Estate planning is a process whereby you decide how to distribute the assets you have acquired during your lifetime to your heirs, beneficiaries, and charities. It also includes planning for the possibility of a temporary or permanent incapacity, during which time someone else would manage your assets and handle such things as investments, debts and expenses, and health care decisions. Estate planning involves a wide range of decisions - legal, financial, and emotional.
Estate planning should be done before you really need it. Once you become incapacitated, you are held under the law to be incapable of creating an estate plan. Estate planning is important for you and also for your loved ones so that a plan is in place should something happen to you whether it be death or a disability. Naturally none of us like to think about these possibilities but advance planning can give you peace of mind, knowing that your loved ones will know your wishes and be able to carry them out.
An estate plan can mean the creation of a will or a trust. A will is a document that sets forth your wishes as to the distribution of your estate. It is usually witnessed by two or more individuals. A will is easy to draft and you can obtain a form for a simple statutory will at the California Bar website. I do not recommend a will if you have an estate over $100,000 as wills have to be probated, incurring unnecessary costs for your beneficiaries.
The other type of estate plan is a living trust, also called a revocable trust. A trust is a document that allows you to leave assets to your beneficiaries without probate. They also provide a means for someone else to take over if you become incapacitated and unable to manage your own estate. Other benefits of a trust are that they are flexible in terms of the provisions; they are more private than wills; they can reduce or eliminate estate taxes for a married couple, and they can usually be administered in a shorter length of time than a probate estate.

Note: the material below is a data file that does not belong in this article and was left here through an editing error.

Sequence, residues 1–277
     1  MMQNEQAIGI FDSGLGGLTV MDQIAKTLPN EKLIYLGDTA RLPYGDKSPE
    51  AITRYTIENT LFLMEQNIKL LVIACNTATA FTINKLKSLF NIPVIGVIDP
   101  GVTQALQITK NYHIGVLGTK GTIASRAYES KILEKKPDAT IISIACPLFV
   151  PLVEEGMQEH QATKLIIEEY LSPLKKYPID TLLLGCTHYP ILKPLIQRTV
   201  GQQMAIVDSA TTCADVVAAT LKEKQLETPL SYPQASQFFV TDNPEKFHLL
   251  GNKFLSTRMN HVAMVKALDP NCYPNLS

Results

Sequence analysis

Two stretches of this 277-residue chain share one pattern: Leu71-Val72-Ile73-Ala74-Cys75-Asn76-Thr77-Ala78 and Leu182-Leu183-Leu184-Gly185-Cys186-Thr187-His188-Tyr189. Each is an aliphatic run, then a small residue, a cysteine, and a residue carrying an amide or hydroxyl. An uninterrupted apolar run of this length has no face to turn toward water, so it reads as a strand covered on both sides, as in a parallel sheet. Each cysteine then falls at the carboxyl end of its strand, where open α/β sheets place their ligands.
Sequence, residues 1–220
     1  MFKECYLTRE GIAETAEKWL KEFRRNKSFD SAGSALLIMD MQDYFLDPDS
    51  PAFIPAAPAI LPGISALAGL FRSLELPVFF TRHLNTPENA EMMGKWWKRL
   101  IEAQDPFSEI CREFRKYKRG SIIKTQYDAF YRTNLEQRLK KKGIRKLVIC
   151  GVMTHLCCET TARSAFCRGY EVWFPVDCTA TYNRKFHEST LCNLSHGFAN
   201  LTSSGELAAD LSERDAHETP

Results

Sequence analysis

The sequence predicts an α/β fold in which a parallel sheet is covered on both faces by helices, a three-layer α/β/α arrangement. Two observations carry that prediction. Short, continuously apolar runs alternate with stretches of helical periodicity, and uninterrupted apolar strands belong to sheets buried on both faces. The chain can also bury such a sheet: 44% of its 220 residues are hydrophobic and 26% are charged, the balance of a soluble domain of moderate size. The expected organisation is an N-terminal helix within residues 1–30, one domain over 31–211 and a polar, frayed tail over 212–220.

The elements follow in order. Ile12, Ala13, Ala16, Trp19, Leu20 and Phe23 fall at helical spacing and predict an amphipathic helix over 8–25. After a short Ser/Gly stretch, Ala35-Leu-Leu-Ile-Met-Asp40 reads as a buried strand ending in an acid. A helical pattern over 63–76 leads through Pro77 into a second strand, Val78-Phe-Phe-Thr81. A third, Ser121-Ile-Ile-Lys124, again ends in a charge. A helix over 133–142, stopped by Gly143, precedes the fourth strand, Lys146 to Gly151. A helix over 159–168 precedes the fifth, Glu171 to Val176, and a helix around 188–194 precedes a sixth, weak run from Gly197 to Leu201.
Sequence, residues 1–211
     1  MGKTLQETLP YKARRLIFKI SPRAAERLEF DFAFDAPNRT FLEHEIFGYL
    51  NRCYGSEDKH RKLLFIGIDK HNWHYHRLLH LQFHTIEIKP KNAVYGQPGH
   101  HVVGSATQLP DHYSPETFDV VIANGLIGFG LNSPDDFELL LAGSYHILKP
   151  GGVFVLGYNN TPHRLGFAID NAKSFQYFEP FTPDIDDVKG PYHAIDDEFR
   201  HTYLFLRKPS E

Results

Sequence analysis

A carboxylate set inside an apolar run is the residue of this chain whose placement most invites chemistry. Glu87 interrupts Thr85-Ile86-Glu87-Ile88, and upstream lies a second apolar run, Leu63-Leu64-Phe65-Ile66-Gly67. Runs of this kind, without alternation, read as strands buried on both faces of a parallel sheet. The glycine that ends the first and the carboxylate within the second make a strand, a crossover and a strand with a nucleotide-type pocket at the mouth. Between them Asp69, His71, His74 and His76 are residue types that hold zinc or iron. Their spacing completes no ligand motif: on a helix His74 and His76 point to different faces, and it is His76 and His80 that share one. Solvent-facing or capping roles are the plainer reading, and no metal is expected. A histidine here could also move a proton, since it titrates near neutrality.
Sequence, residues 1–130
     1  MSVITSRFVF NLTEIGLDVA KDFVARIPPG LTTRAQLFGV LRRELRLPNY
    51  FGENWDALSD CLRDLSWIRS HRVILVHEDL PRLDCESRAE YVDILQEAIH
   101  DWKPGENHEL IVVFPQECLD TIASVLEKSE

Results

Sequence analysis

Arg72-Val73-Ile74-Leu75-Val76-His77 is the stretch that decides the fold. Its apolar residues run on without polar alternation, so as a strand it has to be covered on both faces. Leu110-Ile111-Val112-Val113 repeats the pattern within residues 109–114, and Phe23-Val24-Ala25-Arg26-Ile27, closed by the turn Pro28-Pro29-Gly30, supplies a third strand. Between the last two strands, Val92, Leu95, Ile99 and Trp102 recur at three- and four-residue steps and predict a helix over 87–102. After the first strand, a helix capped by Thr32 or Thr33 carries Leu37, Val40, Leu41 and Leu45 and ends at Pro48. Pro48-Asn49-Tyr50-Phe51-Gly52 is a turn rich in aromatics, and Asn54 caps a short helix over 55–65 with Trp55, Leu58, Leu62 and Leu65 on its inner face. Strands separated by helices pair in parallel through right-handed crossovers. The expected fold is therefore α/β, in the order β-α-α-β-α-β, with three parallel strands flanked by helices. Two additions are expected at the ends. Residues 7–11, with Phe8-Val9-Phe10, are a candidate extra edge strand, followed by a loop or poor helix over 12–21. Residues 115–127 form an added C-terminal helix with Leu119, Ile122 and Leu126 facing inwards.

Another type of estate plan is to do nothing. There are ways besides a will or trust to pass your assets to beneficiaries however, if the “do nothing” approach is your choice, you still need to have the ancillary documents prepared such as powers of attorney for property management and health care directive and you need to be sure that all of your assets are titled in a way that will avoid probate.
The benefits of having an estate plan are the following:
1. You can provide for the distribution of your estate to minor beneficiaries, over time so they do not inherit a large inheritance at one time.
2. If you become incapacitated, the ancillary documents you create as part of your estate plan can guarantee that someone you trust can handle your finances and make decisions about your health care while you are incapacitated.
3. If your assets approach the value that might be subject to estate tax, the appropriate estate plan can eliminate or reduce the amount of estate tax that your estate will have to pay.
In addition to these benefits, estate planning can also provide techniques to leave money or assets to charity, grandchildren, or special needs beneficiaries. An experienced estate planning attorney can determine which estate plan is appropriate for you, to meet you goals while you are alive and after your death.
Whether you have a will or a trust, you also need a durable power of attorney for property management and an advance health care directive. My estate plans always include these documents as part of the estate plan package.